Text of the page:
Tasmanian educator Stop Work action will ramp up next week as staff once again walk off the job demanding solutions to the state’s education crisis critically impacting student learning.
Tasmanian schools and colleges are at breaking point, with recent 50 per cent spikes in educator resignations and stress leave claims.
Educators and parents are now increasingly reporting how student learning is being affected by the dire situation in Tasmanian schools and colleges, amid a chronic teacher shortage and higher instances of collapsed classes.
Australian Education Union Tasmania President David Genford said educators felt they had no choice but to act, with state-wide Stop Work events being held next Wednesday from 12:30pm.
“Stop work action is always a last resort for teachers and support staff, but sadly the situation in our schools and colleges has got so bad that they feel it’s the only way forward,” he said.
“It’s incumbent on the Rockliff Government to deliver the solutions presented to it by educators or it’s likely our rising teacher attrition rate will only climb higher.
“It is not fair on our students, many of whom are being shuffled around classrooms each day – some going to classes in younger years – because they don’t have a teacher available.
“This is having a real impact on student learning and the future of our education system depends on real reform being achieved today.”
Hobart mother of primary school-aged children Siobhan Marriott said she felt compelled to volunteer in her children’s school to ensure students there aren’t missing out.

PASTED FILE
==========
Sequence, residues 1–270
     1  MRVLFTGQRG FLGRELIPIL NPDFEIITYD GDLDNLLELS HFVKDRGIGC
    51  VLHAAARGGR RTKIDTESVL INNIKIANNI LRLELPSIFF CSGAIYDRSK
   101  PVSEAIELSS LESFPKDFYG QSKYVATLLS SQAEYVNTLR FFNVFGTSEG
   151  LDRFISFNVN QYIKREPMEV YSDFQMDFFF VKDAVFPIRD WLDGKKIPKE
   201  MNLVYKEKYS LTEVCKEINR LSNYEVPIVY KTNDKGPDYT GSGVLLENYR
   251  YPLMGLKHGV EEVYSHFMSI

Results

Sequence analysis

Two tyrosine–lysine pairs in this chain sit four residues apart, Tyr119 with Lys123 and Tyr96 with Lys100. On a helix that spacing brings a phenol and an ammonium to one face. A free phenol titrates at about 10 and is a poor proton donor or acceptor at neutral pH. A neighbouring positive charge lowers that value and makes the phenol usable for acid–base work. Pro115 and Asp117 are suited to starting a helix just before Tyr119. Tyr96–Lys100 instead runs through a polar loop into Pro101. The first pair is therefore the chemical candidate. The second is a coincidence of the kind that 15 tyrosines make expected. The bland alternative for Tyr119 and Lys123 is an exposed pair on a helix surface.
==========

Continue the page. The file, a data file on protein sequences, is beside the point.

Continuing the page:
“Parent support shouldn’t be filling the gaps, it should be the cream on top,” she said.
“A friend of mine is a teacher who has told me she’s leaving teaching. It’s disappointing people who’ve dedicated their lives to teaching are now being attracted away from this career by more compelling conditions and pay.
“The younger generation in schools are witnessing all this happen. They’re realising if teachers aren’t treated and paid respectfully maybe they’ll have better opportunities elsewhere and they aren’t training to become to teachers.
“The workforce has lost all these different teachers. This leaves our children’s teachers to do the heavy lifting.”
Mr Genford said Education Minister Roger Jaensch’s focus should be on lifting learning conditions for students, not spreading misinformation about next week’s Stop Work action.
“The fact is, next week’s action will not disrupt the TASC-staffed Years 11 and 12 exams as staff teaching those years have been directed not to attend the action where it interferes directly with exams,” he said.
“The minister should retract his comments and apologise to students and parents for any confusion caused.”